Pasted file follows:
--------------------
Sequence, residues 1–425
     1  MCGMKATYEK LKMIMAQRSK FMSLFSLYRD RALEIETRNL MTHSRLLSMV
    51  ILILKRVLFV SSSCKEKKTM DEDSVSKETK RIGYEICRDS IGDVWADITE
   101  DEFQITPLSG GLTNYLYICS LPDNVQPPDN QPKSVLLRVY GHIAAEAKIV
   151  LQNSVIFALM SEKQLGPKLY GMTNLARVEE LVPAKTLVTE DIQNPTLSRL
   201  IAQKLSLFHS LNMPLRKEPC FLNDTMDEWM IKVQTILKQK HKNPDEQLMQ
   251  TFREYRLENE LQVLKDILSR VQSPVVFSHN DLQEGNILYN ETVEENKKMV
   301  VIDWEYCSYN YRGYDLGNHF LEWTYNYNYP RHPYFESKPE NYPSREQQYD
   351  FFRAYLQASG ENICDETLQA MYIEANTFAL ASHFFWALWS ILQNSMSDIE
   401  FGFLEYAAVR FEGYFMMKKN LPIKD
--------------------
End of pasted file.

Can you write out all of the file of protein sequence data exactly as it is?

Sequence, residues 1–425
     1  MCGMKATYEK LKMIMAQRSK FMSLFSLYRD RALEIETRNL MTHSRLLSMV
    51  ILILKRVLFV SSSCKEKKTM DEDSVSKETK RIGYEICRDS IGDVWADITE
   101  DEFQITPLSG GLTNYLYICS LPDNVQPPDN QPKSVLLRVY GHIAAEAKIV
   151  LQNSVIFALM SEKQLGPKLY GMTNLARVEE LVPAKTLVTE DIQNPTLSRL
   201  IAQKLSLFHS LNMPLRKEPC FLNDTMDEWM IKVQTILKQK HKNPDEQLMQ
   251  TFREYRLENE LQVLKDILSR VQSPVVFSHN DLQEGNILYN ETVEENKKMV
   301  VIDWEYCSYN YRGYDLGNHF LEWTYNYNYP RHPYFESKPE NYPSREQQYD
   351  FFRAYLQASG ENICDETLQA MYIEANTFAL ASHFFWALWS ILQNSMSDIE
   401  FGFLEYAAVR FEGYFMMKKN LPIKD